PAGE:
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Betsy Rawls
Rookie Year
Race to CME Points

Given name: Elizabeth Earle Rawls...Did not take up golf until the age of 17 while living in Arlington, Texas...After retiring in 1975, Rawls began her six-year tenure as the LPGA’s tournament director…Serving in that capacity during the Tour’s dynamic growth period, Rawls can take much credit for the LPGA’s standing in the world of sports...Left her LPGA post in September 1981 to assume responsibilities as executive director for the McDonald’s Championship, the Tour’s leading contributor to charity...Serves as vice chairman for the McDonald’s LPGA Championship...Served as president of the LPGA’s Tournament Sponsors Association from 1990-92...Armed with a commanding knowledge of the Rules of Golf, Rawls was the first woman to serve on the Rules Committee for the men’s U.S. Open...Inducted into the Texas State Golf Hall of Fame in October 1983...Inducted into the World Golf Hall of Fame in Pinehurst, N.C., in October 1987...Awarded the Metropolitan Golf Writers Association’s Gold Tee Award in 1987...Named among GOLF Magazine’s “100 Heroes” during 1988 Centennial of Golf in America celebration...Recipient of the 1980 Patty Berg Award…Won the 1995 Sprint Lifetime Achievement Award...Received the 1996 Bobby Jones Award from the USGA...In 2000, awarded the LPGA’s 50th Anniversary Commissioner’s Award for her contributions to the game...Recognized during the LPGA’s 50th Anniversary in 2000 as one of the LPGA’s top-50 players and teachers...Honoree of the 2001 Subaru Memorial of Naples...One of two honorees for the PGA Tour’s 2005 Memorial Tournament.


  • Winner of 55 LPGA events, including eight major championships (four U.S. Women’s Open titles, two LPGA Championships and two Western Opens).
  • From 1991-95, competed in the Sprint Senior Challenge, an unofficial LPGA event.
  • In 1967, when the LPGA Tour Hall of Fame was created, was one of the six inaugural inductees; the LPGA recognized her induction year into the Hall of Fame of Women’s Golf (1960) as her official induction year into the LPGA Tour Hall of Fame.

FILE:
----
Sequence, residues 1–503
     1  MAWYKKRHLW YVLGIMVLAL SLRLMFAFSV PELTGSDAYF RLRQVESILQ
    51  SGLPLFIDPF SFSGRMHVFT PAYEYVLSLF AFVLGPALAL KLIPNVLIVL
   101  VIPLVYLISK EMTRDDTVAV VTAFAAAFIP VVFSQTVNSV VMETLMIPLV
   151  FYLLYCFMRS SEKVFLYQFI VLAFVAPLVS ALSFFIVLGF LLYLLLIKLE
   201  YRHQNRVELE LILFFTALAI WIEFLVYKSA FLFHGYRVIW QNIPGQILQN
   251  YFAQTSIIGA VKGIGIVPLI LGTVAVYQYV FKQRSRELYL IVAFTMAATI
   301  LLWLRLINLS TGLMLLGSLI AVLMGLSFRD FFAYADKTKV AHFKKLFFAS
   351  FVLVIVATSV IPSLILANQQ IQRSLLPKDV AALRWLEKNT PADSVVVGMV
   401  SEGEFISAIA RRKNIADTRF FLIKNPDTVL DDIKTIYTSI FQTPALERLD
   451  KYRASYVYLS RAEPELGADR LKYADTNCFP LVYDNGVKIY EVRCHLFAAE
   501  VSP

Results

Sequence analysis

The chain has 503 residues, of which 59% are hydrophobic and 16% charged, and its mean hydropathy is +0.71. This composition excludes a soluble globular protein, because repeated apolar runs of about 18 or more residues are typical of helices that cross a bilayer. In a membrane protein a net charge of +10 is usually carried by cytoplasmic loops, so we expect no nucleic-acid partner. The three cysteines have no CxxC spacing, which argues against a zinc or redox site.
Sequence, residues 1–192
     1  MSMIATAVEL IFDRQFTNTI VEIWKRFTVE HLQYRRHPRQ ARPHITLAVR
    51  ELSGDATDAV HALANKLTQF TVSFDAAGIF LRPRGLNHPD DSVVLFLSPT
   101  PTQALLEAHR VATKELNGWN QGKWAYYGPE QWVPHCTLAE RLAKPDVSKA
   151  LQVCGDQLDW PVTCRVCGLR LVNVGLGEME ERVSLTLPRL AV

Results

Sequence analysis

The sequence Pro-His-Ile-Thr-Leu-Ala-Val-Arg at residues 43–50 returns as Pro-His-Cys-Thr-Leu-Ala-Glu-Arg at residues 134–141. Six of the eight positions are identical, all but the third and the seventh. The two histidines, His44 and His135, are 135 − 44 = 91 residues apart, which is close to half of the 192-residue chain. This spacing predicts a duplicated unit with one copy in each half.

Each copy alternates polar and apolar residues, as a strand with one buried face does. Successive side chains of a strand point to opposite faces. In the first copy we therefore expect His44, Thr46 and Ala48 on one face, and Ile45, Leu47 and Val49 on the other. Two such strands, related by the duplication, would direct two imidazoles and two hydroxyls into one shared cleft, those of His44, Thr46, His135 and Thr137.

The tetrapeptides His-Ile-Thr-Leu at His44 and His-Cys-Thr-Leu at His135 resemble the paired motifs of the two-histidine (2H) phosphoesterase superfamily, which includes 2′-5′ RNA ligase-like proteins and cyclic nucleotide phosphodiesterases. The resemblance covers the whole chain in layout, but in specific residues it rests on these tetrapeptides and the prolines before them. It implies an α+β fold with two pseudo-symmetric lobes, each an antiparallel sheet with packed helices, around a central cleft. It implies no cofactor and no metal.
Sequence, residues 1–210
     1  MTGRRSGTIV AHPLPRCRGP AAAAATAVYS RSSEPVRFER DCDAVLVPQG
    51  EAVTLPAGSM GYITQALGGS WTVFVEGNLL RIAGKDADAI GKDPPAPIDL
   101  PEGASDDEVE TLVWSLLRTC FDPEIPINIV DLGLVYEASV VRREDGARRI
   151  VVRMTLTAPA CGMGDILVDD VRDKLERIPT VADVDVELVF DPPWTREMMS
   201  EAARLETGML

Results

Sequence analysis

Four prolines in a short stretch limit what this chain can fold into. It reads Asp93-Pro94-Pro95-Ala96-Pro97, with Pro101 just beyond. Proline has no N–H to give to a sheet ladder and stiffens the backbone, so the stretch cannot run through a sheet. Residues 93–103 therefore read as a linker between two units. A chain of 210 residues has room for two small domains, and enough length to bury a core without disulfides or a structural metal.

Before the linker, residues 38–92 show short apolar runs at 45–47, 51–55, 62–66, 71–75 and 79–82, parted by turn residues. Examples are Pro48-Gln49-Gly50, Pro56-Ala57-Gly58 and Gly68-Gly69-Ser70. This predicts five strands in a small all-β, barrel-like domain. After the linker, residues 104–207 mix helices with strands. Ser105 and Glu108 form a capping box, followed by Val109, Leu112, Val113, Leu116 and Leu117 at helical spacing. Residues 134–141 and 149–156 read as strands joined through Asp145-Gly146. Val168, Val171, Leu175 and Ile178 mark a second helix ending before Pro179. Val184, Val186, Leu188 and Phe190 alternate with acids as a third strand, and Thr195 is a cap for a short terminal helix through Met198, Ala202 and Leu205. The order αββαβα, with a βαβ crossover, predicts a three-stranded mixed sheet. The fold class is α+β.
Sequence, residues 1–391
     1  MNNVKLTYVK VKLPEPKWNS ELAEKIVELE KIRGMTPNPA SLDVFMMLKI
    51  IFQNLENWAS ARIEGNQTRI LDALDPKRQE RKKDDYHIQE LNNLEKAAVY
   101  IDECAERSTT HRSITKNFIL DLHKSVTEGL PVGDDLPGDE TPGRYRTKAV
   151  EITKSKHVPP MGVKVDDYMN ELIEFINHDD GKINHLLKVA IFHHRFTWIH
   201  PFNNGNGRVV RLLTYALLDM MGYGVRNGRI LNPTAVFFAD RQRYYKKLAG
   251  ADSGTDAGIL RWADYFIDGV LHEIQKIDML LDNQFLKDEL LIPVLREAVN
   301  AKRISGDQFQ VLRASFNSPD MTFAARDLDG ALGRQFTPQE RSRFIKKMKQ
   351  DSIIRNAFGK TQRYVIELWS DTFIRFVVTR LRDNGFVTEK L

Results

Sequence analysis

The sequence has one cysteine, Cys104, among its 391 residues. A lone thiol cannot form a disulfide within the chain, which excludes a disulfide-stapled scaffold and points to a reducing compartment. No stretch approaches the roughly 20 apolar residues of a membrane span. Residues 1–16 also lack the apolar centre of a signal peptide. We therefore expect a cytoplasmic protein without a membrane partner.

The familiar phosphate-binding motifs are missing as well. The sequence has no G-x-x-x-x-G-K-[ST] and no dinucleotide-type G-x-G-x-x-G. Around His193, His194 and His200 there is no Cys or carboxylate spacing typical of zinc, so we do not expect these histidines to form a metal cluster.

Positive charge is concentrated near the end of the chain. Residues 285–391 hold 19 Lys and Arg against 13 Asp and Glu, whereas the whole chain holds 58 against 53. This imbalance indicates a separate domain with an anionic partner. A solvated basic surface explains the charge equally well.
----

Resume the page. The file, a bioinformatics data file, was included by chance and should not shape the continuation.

• From 1961-62, served as president of the LPGA.
  • In 1960, won her fourth U.S. Women’s Open to become the first LPGA player to win the Open four times (Mickey Wright joined her in 1964).
  • In 1959, claimed 10 titles and captured her only Vare Trophy; finished the season as the leading money winner, earning almost $27,000 to break the single-season earnings record by almost $6,500 (Rawls’ record stood until 1963).
  • In 1952, 1957 and 1959, led the Tour in victories with eight, five and 10 wins, respectively.
  • From 1951-62, won multiple events each season; from 1951-66, won at least one event each season.
  • In 1951, joined the LPGA Tour and won two events, including the U.S. Women’s Open.

    Although a native of South Carolina, Rawls enjoyed amateur fame growing up in Texas. She won the 1949 Texas Amateur just four years after taking up the game and repeated that triumph in 1950. Her amateur win list also includes the 1949 Trans-National and 1950 Broadmoor Invitational. In 1950, prior to joining the LPGA Tour, she finished second at the U.S. Women’s Open as an amateur.